In the past, I may have avoided running the meetups because it might fail and I would be embarrassed and ashamed. People have told me that getting this sort of thing to work is hard. Others have said what a great idea it is. So I have learnt that ‘other people’ don’t really know anything and that you should do things for your own reasons. I wanted to try this because I wanted people to be connected and not struggle in isolation. That’s a good enough reason for me and I am proud that I gave it a go and tried.

What I have learnt is that a meetup is not the way to build an audience, not in London, at least. You need to build the audience first to make the meetup viable. I need to find other ways to grow my audience.

I have also learnt that, whilst I want people to be connected, perhaps I am not the best person to connect them. In fact, it is not really something that is aligned with my personality and strengths. I can and have organised and run events and even done a passable imitation of a host in the past. In a corporate environment that will get you by (as long as you don’t have to do it too often). However, it’s not enough out in the ‘real’ world. To make something work, you have to really be in your element, really be working in your flow, and this just isn’t in my flow. So perhaps I need to find a partner or an organisation to connect my audience to each other, or a different medium where I am in my flow.

It also led me to question the suitability of the format for the people I am talking to. Do they want to meet others in a pub to talk about their experiences? Or is that likely to make them run a mile? Do they want something with more structure, with some content that they will find useful, so they can persuade themselves that the main reason to go is to educate themselves rather than to expose themselves emotionally? Perhaps an online forum would be more accessible to them, would carry less risk for them and be a more discreet and safer place? That means I need to run some more experiments and, perhaps, have a few more failures. Find some more ways that don’t work.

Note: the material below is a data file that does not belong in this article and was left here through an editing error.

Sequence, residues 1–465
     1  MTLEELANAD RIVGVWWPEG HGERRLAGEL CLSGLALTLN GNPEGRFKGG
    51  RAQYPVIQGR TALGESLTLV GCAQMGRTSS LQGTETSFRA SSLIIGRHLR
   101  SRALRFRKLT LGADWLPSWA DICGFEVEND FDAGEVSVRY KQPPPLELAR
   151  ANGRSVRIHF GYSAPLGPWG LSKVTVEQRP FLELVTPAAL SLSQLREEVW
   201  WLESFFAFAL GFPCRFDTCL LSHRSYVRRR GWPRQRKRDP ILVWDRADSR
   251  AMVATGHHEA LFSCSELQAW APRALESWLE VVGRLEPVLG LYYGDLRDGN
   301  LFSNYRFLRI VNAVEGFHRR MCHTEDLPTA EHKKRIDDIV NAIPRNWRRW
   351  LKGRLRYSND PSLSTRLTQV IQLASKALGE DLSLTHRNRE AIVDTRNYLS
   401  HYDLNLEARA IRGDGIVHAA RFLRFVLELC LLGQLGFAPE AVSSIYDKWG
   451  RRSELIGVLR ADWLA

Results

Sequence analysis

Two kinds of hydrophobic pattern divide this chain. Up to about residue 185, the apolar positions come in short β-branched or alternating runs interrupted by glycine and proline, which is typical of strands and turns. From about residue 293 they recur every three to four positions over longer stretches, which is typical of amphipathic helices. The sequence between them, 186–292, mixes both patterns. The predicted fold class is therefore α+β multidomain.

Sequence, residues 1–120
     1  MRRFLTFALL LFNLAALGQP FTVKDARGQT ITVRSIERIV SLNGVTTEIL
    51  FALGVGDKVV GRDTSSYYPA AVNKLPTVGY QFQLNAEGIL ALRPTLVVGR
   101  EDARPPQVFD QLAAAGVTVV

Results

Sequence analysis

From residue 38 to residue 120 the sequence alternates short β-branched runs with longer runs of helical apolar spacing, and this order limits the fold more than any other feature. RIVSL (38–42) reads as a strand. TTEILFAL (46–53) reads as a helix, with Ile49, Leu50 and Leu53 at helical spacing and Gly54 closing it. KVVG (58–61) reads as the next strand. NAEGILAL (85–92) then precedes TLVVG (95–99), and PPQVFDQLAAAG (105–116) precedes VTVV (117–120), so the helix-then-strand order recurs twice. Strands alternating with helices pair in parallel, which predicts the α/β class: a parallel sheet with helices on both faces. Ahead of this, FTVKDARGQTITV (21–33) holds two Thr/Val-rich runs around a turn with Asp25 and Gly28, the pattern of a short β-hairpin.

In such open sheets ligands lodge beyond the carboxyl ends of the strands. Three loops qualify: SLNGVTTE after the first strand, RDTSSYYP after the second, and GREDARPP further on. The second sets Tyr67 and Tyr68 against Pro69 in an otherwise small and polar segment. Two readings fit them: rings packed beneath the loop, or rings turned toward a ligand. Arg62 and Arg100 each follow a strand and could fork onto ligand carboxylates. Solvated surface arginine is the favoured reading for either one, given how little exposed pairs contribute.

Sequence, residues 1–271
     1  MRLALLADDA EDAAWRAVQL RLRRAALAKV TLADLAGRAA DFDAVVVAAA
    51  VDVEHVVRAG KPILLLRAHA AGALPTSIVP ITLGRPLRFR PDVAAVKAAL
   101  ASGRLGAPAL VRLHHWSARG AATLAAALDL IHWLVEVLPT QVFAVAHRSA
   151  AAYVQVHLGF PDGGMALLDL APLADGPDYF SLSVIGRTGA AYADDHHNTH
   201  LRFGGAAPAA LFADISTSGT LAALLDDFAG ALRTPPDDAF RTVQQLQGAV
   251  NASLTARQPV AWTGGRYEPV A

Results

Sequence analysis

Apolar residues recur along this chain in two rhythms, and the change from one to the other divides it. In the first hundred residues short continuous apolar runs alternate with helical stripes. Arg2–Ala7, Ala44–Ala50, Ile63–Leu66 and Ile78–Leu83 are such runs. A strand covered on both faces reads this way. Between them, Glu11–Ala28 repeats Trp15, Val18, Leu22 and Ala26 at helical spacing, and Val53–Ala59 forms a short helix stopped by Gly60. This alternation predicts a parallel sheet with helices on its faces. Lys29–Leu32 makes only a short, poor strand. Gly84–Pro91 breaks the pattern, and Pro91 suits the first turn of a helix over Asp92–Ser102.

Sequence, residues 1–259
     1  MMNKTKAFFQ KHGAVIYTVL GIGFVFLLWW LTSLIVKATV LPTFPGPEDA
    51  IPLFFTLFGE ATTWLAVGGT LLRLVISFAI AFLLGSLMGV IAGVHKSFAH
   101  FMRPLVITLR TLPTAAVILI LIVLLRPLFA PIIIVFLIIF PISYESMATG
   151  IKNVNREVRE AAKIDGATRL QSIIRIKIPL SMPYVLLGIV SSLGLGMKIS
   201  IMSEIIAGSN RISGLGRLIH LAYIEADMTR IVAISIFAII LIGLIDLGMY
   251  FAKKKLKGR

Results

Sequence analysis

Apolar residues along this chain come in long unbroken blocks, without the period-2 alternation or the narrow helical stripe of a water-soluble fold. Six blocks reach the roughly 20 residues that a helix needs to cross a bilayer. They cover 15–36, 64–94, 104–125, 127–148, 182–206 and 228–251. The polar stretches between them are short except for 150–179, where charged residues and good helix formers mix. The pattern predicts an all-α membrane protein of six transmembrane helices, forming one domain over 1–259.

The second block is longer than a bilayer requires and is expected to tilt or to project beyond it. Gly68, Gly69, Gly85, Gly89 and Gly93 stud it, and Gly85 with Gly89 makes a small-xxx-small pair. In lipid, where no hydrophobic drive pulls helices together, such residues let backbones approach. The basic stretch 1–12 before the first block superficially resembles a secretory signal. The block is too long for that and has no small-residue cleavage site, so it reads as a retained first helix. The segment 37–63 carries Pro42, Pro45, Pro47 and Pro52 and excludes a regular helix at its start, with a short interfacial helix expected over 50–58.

I am ready to do that. But it is not a simple reframing of ‘failure’ as ‘learning’, or as “finding ways that don’t work”. It’s taken me a long time to shift my mindset away from the risk-averse, fear-of-failure one that I was conditioned to have in the corporate world (and through the social conditioning of my upbringing too).

The point here is not to convince you that this is impossible, much too hard for you to do. In fact, I want to stress to you that it IS possible. it’s also essential, arguably the most important thing for you to learn, the biggest shift in mindset and habit for you to adopt.

My point is that it is harder and trickier than it appears for the very reason of your circumstances, your experience, your conditioning. Your strengths are working against you and you need to address this with purpose, vigour and determination.

Ever Decreasing Circles

I’ve seen many people who leave the Mothership go on similar trajectories, where they go from contract to business idea to job to consulting then another business idea and so on. They circle through the same small set of options in a random order, without really making anything stick. I know this pattern because I’ve been through it myself.

When I was made redundant (properly) I got outplacement and I spent 6 months applying for roles, going to interviews and getting down to the last two without actually landing a job. Then I started to get some consultancy work through my contacts, so I did that for a year or so. One of my clients was looking for a senior marketing person, encouraged me to apply and I duly got the job. It was the wrong job for me, in the wrong industry, working for the wrong sort of people but, hey, it was a job! And a well-paid one, at that.

Of course, the job didn’t work out and after a couple of years we agreed to part (let’s call it ‘artistic differences’). So then I went back to consultancy but, as I was now more distant from my network, opportunities were harder to find. I did get a chance of a job, however, although I was treated so disrespectfully by the interviewer that I decided to ‘do my own thing’, which led to me buying a franchise.

It was not a good decision. I am the wrong sort of person for a franchise and the people who ran it, it transpired, were not my sort of people. After 3 years we agreed to go our separate ways (it was complicated…). So it was back to doing a bit of consultancy, and some coaching. Then I got involved in someone’s business for a few months but that fizzled out. The consultancy leads dried up. I played around with the coaching stuff. I got involved in someone else’s new business, which turned into a sales role. After a year I realised it wasn’t right for me and I went back to coaching and consultancy ….

And so it goes on. Ever decreasing circles, going through the same narrow set of options, with less and less energy, as your world seems to be getting smaller and smaller …

I may have made particularly heavy weather of it, some do manage to make something stick and make enough to get them by. For many of them, however, they are keeping still at best. There’s something missing. In fact, there’s quite a lot missing, like satisfaction, meaning, purpose, connection and fun.